Solar neutrino spectroscopy results and cosmogenic backgrounds analysis with the Borexino detector
Davide D'Angelo(TUM, INFN-Milano, Italy)
The Borexino experiment located in the Gran Sasso National Laboratory in central Italy, is an organic liquid scintillator detector devoted to the real time spectroscopy of low energy solar neutrinos via the elastic scattering on electrons in the target mass. The data taking campaign started in 2007 and rapidly lead to the first independent measurement of the monocromatic line of 7Be of the solar neutrino spectrum at 862keV. The latest measurement after 41.3 tonxyear of exposure is 49 +- 3 (stat) +- 4 (syst) counts/(dayx100 ton) leaves the hypothesis of no oscillation inconsistent with data at the 4sigma level and it represents the first direct measurement of the survival probability for solar neutrino(e) (0.56 +- 0.10) in the vacuum-driven oscillation region. Recently Borexino was also able to measure of the 8B solar neutrinos interaction rate down to the threshold energy of 3 MeV, the lowest achieved so far. The inferred electron neutrino flux is (2.4 +- 0.4 (stat) +- 0.1 (syst))x10^6 cm-2 s-1, in good agreement with existing measurements and predictions. The corresponding 8B mean electron neutrino survival probability, is 0.29 +- 0.10 at the effective energy of 8.9 MeV. For the first time we confirm, using data from a single detector, the presence of a transition between the low energy vacuum-driven and the high-energy matter-enhanced solar neutrino oscillations, in agreement with the prediction of the MSW-LMA solution for solar neutrinos. The next step for Borexino are the measurements of neutrino fluxes in the transition region such as pep and CNO. Prospects and implication for particle and astrophysics are reviewed together with the background (11C) suppression techniques.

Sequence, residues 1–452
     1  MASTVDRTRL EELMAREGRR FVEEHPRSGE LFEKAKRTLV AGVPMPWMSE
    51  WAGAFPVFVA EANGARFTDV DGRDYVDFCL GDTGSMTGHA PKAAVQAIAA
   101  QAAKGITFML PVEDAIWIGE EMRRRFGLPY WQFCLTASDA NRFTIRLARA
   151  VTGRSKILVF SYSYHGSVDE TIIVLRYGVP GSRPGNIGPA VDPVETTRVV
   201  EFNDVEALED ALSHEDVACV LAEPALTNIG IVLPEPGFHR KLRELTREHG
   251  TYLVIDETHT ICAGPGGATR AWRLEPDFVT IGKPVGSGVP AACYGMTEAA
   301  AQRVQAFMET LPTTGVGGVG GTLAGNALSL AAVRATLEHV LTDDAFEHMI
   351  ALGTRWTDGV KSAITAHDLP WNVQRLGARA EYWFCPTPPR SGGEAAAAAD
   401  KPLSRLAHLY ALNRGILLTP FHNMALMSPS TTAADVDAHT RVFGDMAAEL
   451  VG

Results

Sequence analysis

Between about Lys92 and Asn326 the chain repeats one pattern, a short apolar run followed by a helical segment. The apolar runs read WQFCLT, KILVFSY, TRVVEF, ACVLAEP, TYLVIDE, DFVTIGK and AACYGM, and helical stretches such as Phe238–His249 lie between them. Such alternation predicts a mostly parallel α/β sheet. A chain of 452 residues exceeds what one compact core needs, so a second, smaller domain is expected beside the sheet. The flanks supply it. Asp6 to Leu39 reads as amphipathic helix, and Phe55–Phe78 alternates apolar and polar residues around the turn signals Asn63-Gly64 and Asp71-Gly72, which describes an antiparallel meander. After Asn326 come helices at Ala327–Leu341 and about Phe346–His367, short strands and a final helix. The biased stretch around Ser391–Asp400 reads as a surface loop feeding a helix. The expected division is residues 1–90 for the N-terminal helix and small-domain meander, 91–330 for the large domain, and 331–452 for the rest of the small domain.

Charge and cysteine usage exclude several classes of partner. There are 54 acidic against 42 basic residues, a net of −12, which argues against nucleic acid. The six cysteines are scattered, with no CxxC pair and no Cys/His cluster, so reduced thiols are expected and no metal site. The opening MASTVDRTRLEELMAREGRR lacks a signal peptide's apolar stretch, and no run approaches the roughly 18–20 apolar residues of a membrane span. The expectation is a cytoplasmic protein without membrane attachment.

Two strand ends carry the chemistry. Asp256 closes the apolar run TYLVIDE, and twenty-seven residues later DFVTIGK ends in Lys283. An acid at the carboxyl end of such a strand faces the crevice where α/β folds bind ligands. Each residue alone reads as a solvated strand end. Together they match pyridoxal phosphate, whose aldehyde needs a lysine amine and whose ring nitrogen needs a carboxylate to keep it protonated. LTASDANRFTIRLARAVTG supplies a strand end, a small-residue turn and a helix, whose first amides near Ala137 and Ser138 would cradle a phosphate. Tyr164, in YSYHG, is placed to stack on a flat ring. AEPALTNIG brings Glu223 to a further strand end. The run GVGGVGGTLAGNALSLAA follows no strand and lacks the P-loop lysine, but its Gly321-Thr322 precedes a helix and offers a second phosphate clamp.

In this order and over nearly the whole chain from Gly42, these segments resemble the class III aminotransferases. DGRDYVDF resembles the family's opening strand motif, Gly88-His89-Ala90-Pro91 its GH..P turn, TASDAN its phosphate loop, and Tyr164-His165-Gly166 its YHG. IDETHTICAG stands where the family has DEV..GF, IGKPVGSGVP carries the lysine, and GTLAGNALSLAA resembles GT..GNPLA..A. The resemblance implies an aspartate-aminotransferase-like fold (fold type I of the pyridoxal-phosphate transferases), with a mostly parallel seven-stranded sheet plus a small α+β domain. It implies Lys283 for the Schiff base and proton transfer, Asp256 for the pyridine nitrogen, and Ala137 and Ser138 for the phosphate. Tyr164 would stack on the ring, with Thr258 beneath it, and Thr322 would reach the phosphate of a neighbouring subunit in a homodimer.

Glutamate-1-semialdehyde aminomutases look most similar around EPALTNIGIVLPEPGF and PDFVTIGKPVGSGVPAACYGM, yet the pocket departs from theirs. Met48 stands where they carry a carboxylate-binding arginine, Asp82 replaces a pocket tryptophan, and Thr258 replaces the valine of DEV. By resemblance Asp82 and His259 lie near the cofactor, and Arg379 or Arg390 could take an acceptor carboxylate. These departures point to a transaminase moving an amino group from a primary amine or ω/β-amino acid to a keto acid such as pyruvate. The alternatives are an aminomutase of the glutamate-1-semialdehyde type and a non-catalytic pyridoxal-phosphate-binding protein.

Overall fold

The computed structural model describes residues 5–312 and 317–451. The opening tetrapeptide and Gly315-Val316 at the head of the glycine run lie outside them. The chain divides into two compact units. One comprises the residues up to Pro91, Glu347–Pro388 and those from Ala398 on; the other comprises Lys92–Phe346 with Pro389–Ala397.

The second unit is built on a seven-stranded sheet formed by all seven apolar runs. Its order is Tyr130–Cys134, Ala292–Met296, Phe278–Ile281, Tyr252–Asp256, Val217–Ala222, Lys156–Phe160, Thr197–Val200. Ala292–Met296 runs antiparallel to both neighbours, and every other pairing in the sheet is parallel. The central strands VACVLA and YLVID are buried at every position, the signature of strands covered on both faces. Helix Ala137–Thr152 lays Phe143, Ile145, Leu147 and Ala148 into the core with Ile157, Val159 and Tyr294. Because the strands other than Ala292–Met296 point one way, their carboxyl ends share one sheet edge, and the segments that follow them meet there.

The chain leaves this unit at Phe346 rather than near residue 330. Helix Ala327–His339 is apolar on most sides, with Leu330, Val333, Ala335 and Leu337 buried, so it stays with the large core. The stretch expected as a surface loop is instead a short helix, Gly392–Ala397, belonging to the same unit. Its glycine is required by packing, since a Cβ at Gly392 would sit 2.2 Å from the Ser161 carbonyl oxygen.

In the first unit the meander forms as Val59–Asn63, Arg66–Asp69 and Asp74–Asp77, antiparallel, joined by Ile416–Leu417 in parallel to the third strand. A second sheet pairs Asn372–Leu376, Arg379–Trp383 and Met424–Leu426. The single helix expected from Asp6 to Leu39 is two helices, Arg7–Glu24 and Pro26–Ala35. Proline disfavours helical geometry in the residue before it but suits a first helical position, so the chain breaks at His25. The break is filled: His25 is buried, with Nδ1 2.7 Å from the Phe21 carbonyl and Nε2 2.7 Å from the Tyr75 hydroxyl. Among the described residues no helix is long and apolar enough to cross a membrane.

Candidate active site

Upcoming dark matter experiments as well as other neutrino physics detectors are critically dependent on cosmogenic backgrounds in the underground sites. Borexino is about to publish a detailed review on the cosmic muon signal in Gran Sasso and its modulations as well as on the cosmogenic neutrons, including the production rate and multiplicity, the space-time correlation with the parent muon and the correlated creation of cosmogenic isotopes. Preliminary results of this analysis are discussed here.